Pretty vacants: Urban communities fill empty lots with gardens, skate parks, and creative possibility
In 2011, videogame developer Tami Johnson, then 29, wanted to create an outdoor community space for her neighborhood in Brooklyn. In search of just the right spot, Johnson found an unusual website that mapped all the borough’s vacant lots. It was like a Zillow for perfectly good land obscured by urban blight. She scrolled through and found 348 Bergen Street.
The lot was small, less than a 10th of an acre, and narrow as a brownstone, with twisted trees, tall grass and, of course, take-out wrappers from some of Brooklyn’s finest restaurants.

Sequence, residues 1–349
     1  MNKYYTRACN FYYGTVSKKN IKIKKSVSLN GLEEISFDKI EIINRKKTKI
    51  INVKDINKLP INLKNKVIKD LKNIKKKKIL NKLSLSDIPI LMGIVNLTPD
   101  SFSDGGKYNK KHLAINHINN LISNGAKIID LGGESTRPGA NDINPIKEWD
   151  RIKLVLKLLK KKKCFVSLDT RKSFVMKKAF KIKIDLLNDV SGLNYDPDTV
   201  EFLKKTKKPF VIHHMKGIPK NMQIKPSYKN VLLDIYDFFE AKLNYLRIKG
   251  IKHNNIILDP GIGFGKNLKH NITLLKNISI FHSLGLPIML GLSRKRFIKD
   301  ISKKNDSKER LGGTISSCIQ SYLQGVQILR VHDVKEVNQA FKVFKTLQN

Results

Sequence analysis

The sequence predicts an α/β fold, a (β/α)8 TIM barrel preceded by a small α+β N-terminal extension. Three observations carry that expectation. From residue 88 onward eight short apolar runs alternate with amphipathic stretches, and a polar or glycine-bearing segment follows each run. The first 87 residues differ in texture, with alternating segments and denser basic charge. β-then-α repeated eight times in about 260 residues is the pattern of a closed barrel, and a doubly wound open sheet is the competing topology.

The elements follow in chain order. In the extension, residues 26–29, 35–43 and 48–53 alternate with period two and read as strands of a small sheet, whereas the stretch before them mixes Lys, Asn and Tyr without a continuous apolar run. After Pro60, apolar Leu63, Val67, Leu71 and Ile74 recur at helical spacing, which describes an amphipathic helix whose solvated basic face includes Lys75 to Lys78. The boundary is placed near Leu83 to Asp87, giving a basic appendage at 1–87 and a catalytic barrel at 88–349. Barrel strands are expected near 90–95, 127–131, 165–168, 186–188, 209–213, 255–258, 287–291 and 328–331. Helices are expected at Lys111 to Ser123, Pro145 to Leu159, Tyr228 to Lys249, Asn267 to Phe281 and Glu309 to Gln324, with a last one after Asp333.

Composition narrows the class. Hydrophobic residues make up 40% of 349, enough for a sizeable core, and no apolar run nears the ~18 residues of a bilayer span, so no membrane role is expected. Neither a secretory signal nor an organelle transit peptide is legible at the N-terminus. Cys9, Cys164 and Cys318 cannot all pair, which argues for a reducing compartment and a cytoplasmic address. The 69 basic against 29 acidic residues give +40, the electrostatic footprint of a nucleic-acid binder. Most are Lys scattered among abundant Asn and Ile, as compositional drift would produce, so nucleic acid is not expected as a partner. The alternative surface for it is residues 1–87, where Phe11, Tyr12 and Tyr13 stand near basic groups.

The website linked Johnson to neighbors who also wanted to build something on Bergen Street. Together, they got the owner’s permission to borrow the lot, then crammed it with amenities: a working farm, beehives, a garden raising ingredients for a local dinner church, and a natural dye garden for a nearby arts center. They started a community composting operation and hosted exhibits, concerts, and classes. They named the place A Small Green Patch.
The group that made it all poss... Read more